Shibli No’mani (1857-1914) lived for about 57 years. But his books and his philosophy live on, over a hundred years after his death.
A lifespan of just 57 years does not seem quite enough to leave a legacy behind, but Shibli’s impact is still felt, as is evident from the works published and symposia organised to mark his 100th death anniversary, commemorated both in India and Pakistan.
Shibli was a researcher, Islamic scholar, historian, biographer, editor, poet and — above all — a visionary. Initially, he shared Sir Syed Ahmed Khan’s views and taught at Aligarh College. Sir Syed believed that to make Muslims survive in a different environment, where they were no more rulers of India and were reeling from the aftermath of the failed 1857 war of freedom against the British, there was a need to cultivate a sense of their glorious past which would work as a catalyst for working to restore some pride, if not regain the lost glory. Sir Syed thought that creating awareness among Muslims and following the western cultural and educational ways was the only way out.
Later, Shibli felt that neither the traditional Islamic ways of imparting knowledge and religious learning nor blindly following the western education and culture alone could solve problems of the Muslims. So he left Aligarh and tried to establish new standards for Islamic learning and modern education in the subcontinent. His vision was a Muslim revival through an educational environment where the would-be scholars could study modern and traditional, eastern and western branches of knowledge. Nadvat-ul-Ulema and Dar-ul-Musannifeen were two institutions where he tried to realise this dream. What Shibli did was blending both the western and eastern sources of knowledge. That is why he is often dubbed as one of the earliest proponents of Islamic modernism in the subcontinent, alongside Sir Syed Ahmed Khan. Religious elements did not trust him and modernists also rejected him.
But what we often forget is that Shibli was not only a scholar. He was a poet, too. Shibli’s Persian poetry is indeed something to reckon with, but his scholarly works and his Persian poetry sort of pushed his Urdu poetry to backstage. Shibli was a poet of considerable merit when it comes to modern Urdu ‘nazm’ (poem) (Shibli composed only seven ghazals in Urdu and his almost entire Urdu poetry is in the form of ‘nazm’ or other poetic genres). Aside from different compilations of Shibli’s Urdu poetry published during his lifetime, a collection of Shibli’s Urdu poems, titled Kalam-i-Shibli, was published in 1918 by Zafar-ul-Mulk Alavi. In 1925, Syed Sulaiman Nadvi, Shibli’s disciple and a scholar in his own right, compiled and published an up-to-date version of Shibli’s Urdu poetry and named it ‘Kulliyaat-i-Shibli (Urdu)’. In addition to an introduction, Nadvi sahib wrote some explanatory notes to go with many verses, explaining the social, political or religious backdrop against which these poems were written. Though Shibli never considered his poetry anything more than a pastime, as put by Nadvi sahib, his poetry does include some beautiful pieces of Urdu poetry. Especially his poems such as ‘Subh-i-Ummeed’ and ‘Adl-i-Jahangeeri’ are good examples of Shibli’s poetic talent.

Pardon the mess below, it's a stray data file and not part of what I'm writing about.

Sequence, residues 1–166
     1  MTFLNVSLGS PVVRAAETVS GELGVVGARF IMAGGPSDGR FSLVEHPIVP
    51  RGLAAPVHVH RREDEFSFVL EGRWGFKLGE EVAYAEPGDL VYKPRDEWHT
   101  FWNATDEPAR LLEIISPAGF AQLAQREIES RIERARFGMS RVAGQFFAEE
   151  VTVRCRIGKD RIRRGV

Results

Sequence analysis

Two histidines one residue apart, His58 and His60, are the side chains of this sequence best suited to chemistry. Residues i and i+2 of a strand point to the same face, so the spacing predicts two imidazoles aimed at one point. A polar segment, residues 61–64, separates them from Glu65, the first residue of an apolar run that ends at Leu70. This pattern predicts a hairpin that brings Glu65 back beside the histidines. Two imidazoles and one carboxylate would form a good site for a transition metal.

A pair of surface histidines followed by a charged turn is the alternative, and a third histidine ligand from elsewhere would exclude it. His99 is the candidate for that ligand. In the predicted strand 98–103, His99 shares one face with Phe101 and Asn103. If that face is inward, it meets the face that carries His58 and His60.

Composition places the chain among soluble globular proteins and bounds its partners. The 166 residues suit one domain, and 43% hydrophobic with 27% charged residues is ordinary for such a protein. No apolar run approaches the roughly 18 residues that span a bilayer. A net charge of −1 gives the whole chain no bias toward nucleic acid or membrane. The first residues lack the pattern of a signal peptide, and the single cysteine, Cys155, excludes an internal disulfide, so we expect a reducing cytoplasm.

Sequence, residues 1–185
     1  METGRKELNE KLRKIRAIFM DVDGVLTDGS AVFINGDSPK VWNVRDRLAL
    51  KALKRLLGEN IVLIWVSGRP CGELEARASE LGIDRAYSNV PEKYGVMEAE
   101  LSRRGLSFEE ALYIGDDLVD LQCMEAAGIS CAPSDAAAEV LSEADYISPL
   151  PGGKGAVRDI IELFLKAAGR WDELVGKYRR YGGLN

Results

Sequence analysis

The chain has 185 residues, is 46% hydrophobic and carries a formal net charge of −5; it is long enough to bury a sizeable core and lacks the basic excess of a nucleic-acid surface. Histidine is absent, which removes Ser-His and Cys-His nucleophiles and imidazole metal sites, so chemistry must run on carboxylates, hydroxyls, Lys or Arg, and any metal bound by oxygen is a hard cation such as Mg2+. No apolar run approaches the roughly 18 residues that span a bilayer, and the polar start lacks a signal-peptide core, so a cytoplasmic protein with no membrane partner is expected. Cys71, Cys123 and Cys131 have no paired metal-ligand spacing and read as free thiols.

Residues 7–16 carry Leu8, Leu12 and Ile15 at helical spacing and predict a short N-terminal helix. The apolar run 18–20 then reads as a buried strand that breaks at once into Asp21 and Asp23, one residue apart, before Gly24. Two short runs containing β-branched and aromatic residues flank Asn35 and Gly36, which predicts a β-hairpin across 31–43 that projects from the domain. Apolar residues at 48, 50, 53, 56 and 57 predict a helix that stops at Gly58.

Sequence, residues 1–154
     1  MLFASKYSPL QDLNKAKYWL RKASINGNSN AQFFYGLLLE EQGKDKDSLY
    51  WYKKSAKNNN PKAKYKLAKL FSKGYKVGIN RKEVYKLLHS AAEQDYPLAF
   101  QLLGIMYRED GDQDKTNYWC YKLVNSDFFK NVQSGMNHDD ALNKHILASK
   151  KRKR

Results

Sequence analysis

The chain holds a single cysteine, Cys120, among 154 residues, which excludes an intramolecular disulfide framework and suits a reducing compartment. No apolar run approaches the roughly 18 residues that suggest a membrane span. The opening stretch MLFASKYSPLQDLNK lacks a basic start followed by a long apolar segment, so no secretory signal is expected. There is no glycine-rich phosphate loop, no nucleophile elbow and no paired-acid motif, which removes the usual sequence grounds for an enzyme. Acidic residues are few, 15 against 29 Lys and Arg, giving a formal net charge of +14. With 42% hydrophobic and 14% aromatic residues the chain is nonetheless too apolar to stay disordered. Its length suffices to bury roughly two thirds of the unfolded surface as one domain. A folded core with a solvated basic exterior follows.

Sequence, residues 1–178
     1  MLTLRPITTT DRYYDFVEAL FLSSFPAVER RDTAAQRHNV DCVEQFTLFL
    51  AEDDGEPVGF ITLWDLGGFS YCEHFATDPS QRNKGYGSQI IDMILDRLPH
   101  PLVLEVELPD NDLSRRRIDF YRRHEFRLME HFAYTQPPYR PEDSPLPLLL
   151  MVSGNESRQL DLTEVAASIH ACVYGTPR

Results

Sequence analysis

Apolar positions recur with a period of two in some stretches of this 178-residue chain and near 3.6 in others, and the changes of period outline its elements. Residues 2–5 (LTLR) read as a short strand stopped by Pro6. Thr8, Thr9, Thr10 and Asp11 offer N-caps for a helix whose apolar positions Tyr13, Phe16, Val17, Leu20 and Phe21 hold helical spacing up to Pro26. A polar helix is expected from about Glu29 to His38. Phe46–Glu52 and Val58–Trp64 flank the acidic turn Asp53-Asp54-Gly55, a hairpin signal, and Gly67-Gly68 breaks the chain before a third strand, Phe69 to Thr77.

But Kulliyaat-i-Shibli soon went out of print. Urdu Academy Sindh, a publisher from Karachi, published it in 1985 and though it contained certain calligraphic errors, it was a much-needed reprint. A new, complete and edited version of Shibli’s Urdu poetry was badly needed, which came out from India in 2012. Similarly, a selection of Shibli’s Urdu poetry had been missing for too long. Luckily, Prof Dr Tanzeem-ul-Firdous has come up with a selection of Shibli’s Urdu poems. Just published by Oxford University Press under their Urdu Varsa Series, Intikhab-i-Kalam: Shibli offers a good selection of Shibli’s Urdu poetry. Dr Tanzeem teaches Urdu at Karachi University and she has penned a number of books before.
Another book that coincides with Shibli’s centennial is Prof Dr Abdul Haq’s Shibli aur Muaasireen (Shibli and his contemporaries). Published from Delhi, the book is a collection of research and critical articles and juxtaposes Shibli’s thoughts with those of his contemporaries — Allama Iqbal, Altaf Hussain Hali, Muhammad Hussain Azad, Nazeer Ahmed Dehlvi, and Abul Kalam Azad. Dr Abdul Haq is professor emeritus at Delhi University’s Urdu department and adjunct professor at Srinagar’s Islamic University of Science and Technology.
Seerat-un-Nabi, an authentic work on the life and teachings of Prophet Muhammad (pbuh), is, perhaps, the greatest feat that Shibli achieved, though he could not complete it and Sulaiman Nadvi finished it. But his disciples, his books and a great institution such as Dar-ul-Musannifeen are not the only legacy that Shibli left behind. Shibli’s legacy includes the idea of a new interpretation of Islam in a changing world — something that Allama Iqbal wanted to do and Iqbal’s book Reconstruction of religious thought in Islam is but one manifestation of it. Dr Abdul Haq has rightly pointed out in his new book that there were so many traits common in Iqbal and Shibli that one is surprised. Iqbal not only benefitted from Shibli’s works, writes Prof Abdul Haq, but he had asked Shibli to review and suggest any changes in the parlance of his first book, Ilm-ul-iqtisaad, a book on political economy, published form Lahore’s Paisa Akhbaar Press in 1904. Iqbal thanked Shibli in the preface to the book for his guidance. Shibli later appreciated Iqbal, much for his poetic works, and this appreciation was reciprocal. On Shibli’s death Iqbal called him ‘Imam-ul-Hind’. As Dr Abdul Haq has mentioned, Iqbal wanted Shibli to settle in Lahore and carry out a grand plan for scholarly works. After Shibli’s death, Iqbal wrote a letter to Sulaiman Nadvi and lamented that despite his efforts Shibli did not agree to move to Punjab.
Shibli died on Nov 18, 1914.
Published in Dawn, November 9th, 2015